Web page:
Hiromi (Takeuchi) is a sixteen-year-old delinquent with dreams of becoming the leader of troubled high schools students groups all over Japan. Ambitious. So he takes to traveling around the nation and beating up the leaders of troubled high school groups one after another, but he soon runs out of money and has to go back home. His father, who owns a coffee shop, promises Hiromi that if he catches Tsuchinoko (a legendary snake-like cryptid), he will buy it for 1,000,000 yen. Hiromi decides to trying to catch Tsuchinoko. If life catching mythical snakes wasn’t crazy enough he meets and falls in love with a woman who wants to become a singer and his younger sister Aiko is kidnapped. Just what is a boy to do???

Seigaku vs Rikkai “The Prince of Tennis” Musical                            

Japanese Title:  ミュージカル「テニスの王子様」青学vs立海

Romaji: Myūjikaru `Tenisu no ōjisama’ Seigaku vs Tatsuumi

Release Date: October 05th, 2013

Running Time: N/A

Director: Yukio Ueshima

Writer: Konomi Takeshi (Original Creator),

Starring: Yuki Kogoshi, Takuma Wada, Ryo Mitsuya, Yuta Ozeki

Stage musical adaptations of anime and videogames are all the rage. Like the Persona series or Phoenix Wright? There’s a musical for them and clips are on YouTube. Here’s one for The Prince of Tennis.

Here’s a clip:



Tobe! Dakota                                    Tobe Dakota Film Poster

Japanese Title: 飛べ! ダコタ

Romaji: Tobe! Dakota

Release Date: October 05th, 2013

Running Time: 109 mins.

Director: Seiji Aburatani

Writer: Kuniho Yasui, Naoyuki Tomomatsu (Screenplay),

Starring: Manami Higa Masataka Kubota, Akira Emoto, Yoriko Douguchi, Kumi Nakamura, Miyoko Yoshimoto, Dean Newcombe, Bengal, Mark Chinnery, Yukiyo Sono

400 years of ties between Japan and the UK are celebrated today in London with Japan matsui in Trafalgar square. In Japan we get the release of this film based on a true story where Japanese and Britons worked together and got to know each other.

January 1946, an RAF transport flying between Shanghai and Tokyo makes an emergency landing on Sado Island. The residents have heard stereotypes of British soldiers but over the next forty days the islanders and crew members of the plane get to know each other and work together!

Bon nō Soku Bosatsu                     AV Buddha Film Poster

Japanese Title:  ボン脳即菩薩

Romaji: Bon nō Soku Bosatsu

Release Date: October 05th, 2013

Running Time: 76 mins.

Director: Yuki Ando

Writer: Yuki Ando (Screenplay),

Starring: Yukino Takeuchi, Jun Tomita, Yuko Ichimoku

I think my translation for this one is off but here goes. This is about a woman named Akemi who grew up amongst gangsters who just so happens to be harbouring a deity in her groin. Said deity offers happiness to people… The most normal thing seems to be she loves a guy named Ryuji.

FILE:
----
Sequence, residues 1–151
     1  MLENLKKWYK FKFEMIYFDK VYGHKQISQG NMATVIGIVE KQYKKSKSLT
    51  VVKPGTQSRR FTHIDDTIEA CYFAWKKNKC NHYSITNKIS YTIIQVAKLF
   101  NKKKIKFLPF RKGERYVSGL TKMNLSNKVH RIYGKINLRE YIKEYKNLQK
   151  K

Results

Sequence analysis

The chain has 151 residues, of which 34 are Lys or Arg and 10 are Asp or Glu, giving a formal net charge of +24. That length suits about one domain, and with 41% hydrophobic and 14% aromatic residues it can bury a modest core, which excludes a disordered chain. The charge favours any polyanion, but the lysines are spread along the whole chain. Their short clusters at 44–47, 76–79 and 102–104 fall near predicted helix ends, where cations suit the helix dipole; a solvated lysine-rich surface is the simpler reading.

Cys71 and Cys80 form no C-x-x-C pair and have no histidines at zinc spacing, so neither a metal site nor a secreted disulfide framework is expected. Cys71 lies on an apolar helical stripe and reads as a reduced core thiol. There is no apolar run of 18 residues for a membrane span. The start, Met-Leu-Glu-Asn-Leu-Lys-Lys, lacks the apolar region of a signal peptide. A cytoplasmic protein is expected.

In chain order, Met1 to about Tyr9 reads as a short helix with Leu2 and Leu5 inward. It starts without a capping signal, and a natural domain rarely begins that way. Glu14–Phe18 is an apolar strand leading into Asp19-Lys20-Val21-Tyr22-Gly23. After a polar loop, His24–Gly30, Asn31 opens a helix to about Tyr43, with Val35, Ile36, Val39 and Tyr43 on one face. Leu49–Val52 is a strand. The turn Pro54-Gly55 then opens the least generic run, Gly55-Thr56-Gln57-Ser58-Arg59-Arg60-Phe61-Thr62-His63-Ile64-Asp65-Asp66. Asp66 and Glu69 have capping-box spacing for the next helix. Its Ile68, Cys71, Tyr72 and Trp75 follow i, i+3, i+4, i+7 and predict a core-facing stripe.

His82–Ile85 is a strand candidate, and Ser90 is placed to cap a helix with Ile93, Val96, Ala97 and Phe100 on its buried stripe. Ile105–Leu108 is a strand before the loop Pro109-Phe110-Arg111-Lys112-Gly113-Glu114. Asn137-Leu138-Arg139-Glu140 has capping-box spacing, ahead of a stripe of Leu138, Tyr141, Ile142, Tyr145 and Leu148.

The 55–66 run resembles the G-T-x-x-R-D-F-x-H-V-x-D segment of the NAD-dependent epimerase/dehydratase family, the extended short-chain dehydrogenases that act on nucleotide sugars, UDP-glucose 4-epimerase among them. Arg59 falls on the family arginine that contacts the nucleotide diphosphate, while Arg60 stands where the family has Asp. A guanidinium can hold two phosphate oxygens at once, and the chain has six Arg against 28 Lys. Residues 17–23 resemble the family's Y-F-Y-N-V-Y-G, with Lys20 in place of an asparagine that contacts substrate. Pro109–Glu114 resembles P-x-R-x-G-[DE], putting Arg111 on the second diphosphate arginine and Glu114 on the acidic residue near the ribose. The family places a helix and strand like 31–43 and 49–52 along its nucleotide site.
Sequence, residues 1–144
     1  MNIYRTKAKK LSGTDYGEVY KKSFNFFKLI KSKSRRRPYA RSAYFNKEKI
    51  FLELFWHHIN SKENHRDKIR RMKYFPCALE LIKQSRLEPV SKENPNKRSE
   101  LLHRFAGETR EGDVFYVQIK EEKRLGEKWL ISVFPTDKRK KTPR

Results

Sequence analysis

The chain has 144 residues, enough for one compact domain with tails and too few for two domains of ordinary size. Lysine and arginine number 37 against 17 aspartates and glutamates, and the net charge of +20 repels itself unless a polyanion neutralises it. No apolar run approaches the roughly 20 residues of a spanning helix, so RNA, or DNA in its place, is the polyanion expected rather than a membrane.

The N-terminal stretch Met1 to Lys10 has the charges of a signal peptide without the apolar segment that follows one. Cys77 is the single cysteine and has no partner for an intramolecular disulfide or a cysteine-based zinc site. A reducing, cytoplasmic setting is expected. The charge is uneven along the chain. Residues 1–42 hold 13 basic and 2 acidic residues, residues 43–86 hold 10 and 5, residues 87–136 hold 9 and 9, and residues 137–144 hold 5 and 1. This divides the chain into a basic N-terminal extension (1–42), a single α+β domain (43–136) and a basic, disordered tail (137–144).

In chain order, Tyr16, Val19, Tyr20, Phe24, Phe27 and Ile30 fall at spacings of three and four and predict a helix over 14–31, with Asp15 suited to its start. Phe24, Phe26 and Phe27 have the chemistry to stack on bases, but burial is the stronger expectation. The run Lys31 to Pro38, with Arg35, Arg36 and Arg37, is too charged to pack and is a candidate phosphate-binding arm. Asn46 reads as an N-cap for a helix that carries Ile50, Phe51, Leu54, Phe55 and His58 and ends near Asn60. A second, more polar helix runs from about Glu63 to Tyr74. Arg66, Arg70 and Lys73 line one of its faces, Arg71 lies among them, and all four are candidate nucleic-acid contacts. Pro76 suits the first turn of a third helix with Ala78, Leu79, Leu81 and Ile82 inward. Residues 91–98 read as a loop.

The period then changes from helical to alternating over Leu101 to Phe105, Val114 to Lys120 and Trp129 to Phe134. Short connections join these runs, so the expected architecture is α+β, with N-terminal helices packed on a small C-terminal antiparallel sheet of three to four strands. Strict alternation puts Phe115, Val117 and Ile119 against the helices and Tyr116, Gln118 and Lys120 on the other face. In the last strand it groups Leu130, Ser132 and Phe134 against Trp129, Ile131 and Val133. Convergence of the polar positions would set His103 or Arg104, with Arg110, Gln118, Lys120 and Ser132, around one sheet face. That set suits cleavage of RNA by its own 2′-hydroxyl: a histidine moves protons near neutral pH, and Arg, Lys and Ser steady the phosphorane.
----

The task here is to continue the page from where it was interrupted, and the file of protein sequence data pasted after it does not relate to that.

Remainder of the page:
WHO IS THAT MAN!?                          Who is that Man Film Poster   

Japanese Title:  WHO IS THAT MAN!? あの男は誰だ!?

Romaji: WHO IS THAT MAN!? Ano Otoko wa Dare da?

Release Date: October 05th, 2013

Running Time: 88 mins.

Director: Isao Okishima

Writer: Isao Okishima (Screenplay),

Starring: Satoshi Kamata, Eiji Uchiki, Yoshitaka Ishizuka,

Isao Okishia has worked with Koji Wakamatsu and was the writer for the TV anime “Manga Tales of Old Japan”. This is his latest film and it is described as an allegorical tale of Japanese society after the Great East Japan Earthquake. It’s all about wives being able to get another husband if their first one fails to provide children… I think.


Half – The Mixed-Race Experience of Japan                     Hafu Film Poster       

Japanese Title: ハフ

Romaji: Hafu

Release Date: October 05th, 2013

Running Time: 87 mins.

Director: Megumi Nishikura, Lara Perez Takagi

Writer: N/A

Starring: N/A

I saw a trailer asking for participants for this film last year when I was looking up the actress Erika Sawajiri who just happens to be mixed-race. This is a documentary about mixed-race people in Japan which looks to have a wide variety of faces and voices that reflect their increasing number and diversity due to the nationalities involved and also different ages so we get a whole range of experiences. What’s it like growing up in Japan? How does one get along a country that is still mono-cultural and how do they build their own personal identities?


NEW NEIGHBOR                             New Neighbour Film Poster

Japanese Title: NEW NEIGHBOR 


Release Date: October 05th, 2013

Running Time: 40 mins.

Director: Norman England

Writer: Norman England, Yoshiki Takahashi (Screenplay),

Starring: Ayano, Asami, Takashi Nishina, Kentaro Kishi, Tomoko Hayakawa, Demo Tanaka, Yota Kawase

This is an erotic suspense thriller from a westerner by the name of Norman England. He has been involved in the Japanese film industry for many years but this is his first directorial job. Yoshiki Takahashi, who helped write Cold Fish, co-writes this short film. No Trailer.